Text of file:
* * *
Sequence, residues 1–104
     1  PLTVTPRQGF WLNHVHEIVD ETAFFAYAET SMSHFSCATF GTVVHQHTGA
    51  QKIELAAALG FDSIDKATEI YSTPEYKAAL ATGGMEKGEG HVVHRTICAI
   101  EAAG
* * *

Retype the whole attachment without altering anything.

Sequence, residues 1–104
     1  PLTVTPRQGF WLNHVHEIVD ETAFFAYAET SMSHFSCATF GTVVHQHTGA
    51  QKIELAAALG FDSIDKATEI YSTPEYKAAL ATGGMEKGEG HVVHRTICAI
   101  EAAG